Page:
[My thanks to Rebecca Onion at Slate Vault for finding and surfacing this incredible document]
"One of the most remarkable productions of Fort Delaware was the
Prison Times, a newspaper published in April, 1865, by Capt. Geo. S.
Thomas, 64th Georgia Regiment, and Lieut. A. Harris, 32d Florida. It was
written in a small but very clear handwriting by Capt. J. W. Hibbs, of the
13th Virginia Cavalry [sic], who proved himself a most expert
penman." --from Edward R. Rich, Comrades! page 120, a small but dense 167-page book printed in Easton, Maryland, and published by S.E. Whitman, in1898, containing his recollections of his experiences in the Union prison.
[Source: the Library of Congress, here.]
The Prison Times was a hand-written, four-page newspaper produced by Confederate prisoners in April 1865 in the Union prison at Fort Delaware on Pea Patch Island in the Delaware River. It was a short lived effort, the war ending just weeks after the paper appeared1. As a matter of fact the editors hoped that the newspaper effort would not have to last very much longer, longing for the end of the war and to return home:
"Trusting that the difficulties of conducting an enterprise of this kind under the circumstances are duly appreciated by an intelligent public, we send forth this our first number hoping that ere we can have time to issue many numbers our prison times will be discontinued forever and our patrons and ourselves be far away in our loved Sunny South."
It is a remarkable document, enlisting the hope for normalcy of the 33,000 (or so) prisoners2. The newspaper made a statement of intent (and to avoid political discussion), and displayed useful information like barracks directors and a short piece on "our prison world". There were also interesting short advertisements which were apparently real: folks placed their services into play in the newspaper for engraving, jewelry (rings, chains, gutta percha), tailoring, washing & ironing, barbers, dental, music instructions, and shoe-making. There were also a few short notices for debating and chess clubs, as well as a few pieces of poetry. Overall, there was a lot of information packed into four 12x8" pages, an effort that showed that in this town-sized prison that there were definitely some forms of society and commerce taking place.
JF Ptak Science Books Post 2028 Series on the History of Holes
In the efficacies of categories for this blog I wonder about the placement of holes in the history of digging. Most acts of digging results in making a hole, and some digging results in holes that are far longer or wider than they are deep, as in the case of trenches, and especially in the case of trenches dug during WWI, when many thousands of miles of them were dug and filled with millions and millions of men, perhaps as many as a million of them dying right there in the trench.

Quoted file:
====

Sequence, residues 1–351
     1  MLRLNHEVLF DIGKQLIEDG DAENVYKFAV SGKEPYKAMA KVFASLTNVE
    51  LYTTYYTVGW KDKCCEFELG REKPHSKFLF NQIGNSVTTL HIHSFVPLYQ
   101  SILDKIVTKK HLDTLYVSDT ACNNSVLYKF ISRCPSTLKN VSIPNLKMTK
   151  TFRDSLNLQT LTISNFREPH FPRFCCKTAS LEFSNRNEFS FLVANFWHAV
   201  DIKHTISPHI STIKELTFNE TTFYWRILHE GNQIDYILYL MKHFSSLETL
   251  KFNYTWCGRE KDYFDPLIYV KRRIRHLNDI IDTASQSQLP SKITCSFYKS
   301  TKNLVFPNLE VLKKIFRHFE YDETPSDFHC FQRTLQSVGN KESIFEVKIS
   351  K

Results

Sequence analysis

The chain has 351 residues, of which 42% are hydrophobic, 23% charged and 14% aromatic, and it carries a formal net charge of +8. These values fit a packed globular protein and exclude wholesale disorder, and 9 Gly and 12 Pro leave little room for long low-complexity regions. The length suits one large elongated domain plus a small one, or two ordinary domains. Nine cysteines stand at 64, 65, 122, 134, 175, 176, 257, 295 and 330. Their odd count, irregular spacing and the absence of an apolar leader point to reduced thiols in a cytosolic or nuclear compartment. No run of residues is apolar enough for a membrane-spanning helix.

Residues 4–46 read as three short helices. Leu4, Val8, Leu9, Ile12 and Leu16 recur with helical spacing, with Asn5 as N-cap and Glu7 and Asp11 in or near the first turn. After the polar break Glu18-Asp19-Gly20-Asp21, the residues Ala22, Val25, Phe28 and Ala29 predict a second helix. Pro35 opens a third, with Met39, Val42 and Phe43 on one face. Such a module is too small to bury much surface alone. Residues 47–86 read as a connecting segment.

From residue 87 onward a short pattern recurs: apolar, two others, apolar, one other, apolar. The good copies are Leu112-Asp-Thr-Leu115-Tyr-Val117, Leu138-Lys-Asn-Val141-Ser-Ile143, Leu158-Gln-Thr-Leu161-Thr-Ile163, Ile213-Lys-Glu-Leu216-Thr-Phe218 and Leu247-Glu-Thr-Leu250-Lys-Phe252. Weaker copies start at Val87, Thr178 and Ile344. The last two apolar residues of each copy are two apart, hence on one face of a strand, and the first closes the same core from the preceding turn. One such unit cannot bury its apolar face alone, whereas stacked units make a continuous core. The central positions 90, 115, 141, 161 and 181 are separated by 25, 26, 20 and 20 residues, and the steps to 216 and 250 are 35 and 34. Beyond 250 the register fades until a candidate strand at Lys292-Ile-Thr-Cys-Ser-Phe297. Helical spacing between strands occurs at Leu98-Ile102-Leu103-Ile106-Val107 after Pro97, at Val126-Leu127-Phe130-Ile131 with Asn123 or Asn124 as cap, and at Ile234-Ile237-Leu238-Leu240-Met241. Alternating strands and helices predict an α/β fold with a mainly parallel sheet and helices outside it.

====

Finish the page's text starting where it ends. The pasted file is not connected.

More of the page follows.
Digging though is not a necessary condition for making a hole, or supporting a trench for that matter. There were many millions of shells fired during WWI, and many of the craters produced by their explosions were converted for use in conjunctions with trenches.
There is a lengthy section of the relatively short (104pp) book Notes on the Construction and Equipment of Trenches--published by the Army War College in April 1917-- dedicated to the employment of bomb craters in trench warfare. (This was 2.5 years into a war that Woodrow Wilson and most Americans south to avoid--not only to not fight, but to not necessarily take sides, to stay neutral, and it lasted about 900 very bloody days.) And as it turns out, of course, there are many ways to use a big area of scooped-out/blown-away earth in a complex geometry of narrow and interconnected diggings. The hole could be used as a hole filled with barbed wire as a front line of defense--and here we are told (reminded?) about the scope of the so-called "wiring entanglements", which should be 20 yards out from the lip of a crater which should also be 30' deep (!), the bowl of the hole lined with 3' high runs of barbed wire that should be irregularly posted . At the rear for anyone who thought of trying to make it through such a hellhole would be a machine or Lewis gun. (The wooden posts should be strong--"light posts are useless".) Great numbers of these craters would be used like star points in a complicated astrological sign of want and destruction, and this book would aid in the education of how to bring these changes about. (Of particular interest is the advisory that entanglement construction should be undertaken in 40/50-yeard chunks, and that the installation of these defensive measures at the very front of a line "should take place at night". Ineed.
This single-sheet infographic sheet was published seven months after the end of the war, in June 1919, in the Illustrated London News. "Great Britain's High Place in the Allied Roll of Honor: the Testimony of Figures" is exactly that, a very significant, visual testimony. The images speak for themselves.
In all that I have seen relating to the mammoth planning and logistical operations concerning teh invasion of Europe by the Allied Forces on 6 June 1944 I don't think I'ev ever seen such incredibly detailed relief map models such as the one below. The original image resides at the Library of Congress and its catalog information describes it on a scale of 1:5,000 and a vertical scale of 1:2,500, with the model being two sections of 120cm squared (so 120x240cm (or about 3x6 feet). THE map "shows the tide lines, slope of the beach, buildings beyond the beach, and the location of hedgehogs" and the placement of anti-aircreaft weapons. The image is very expandable.
And a detail: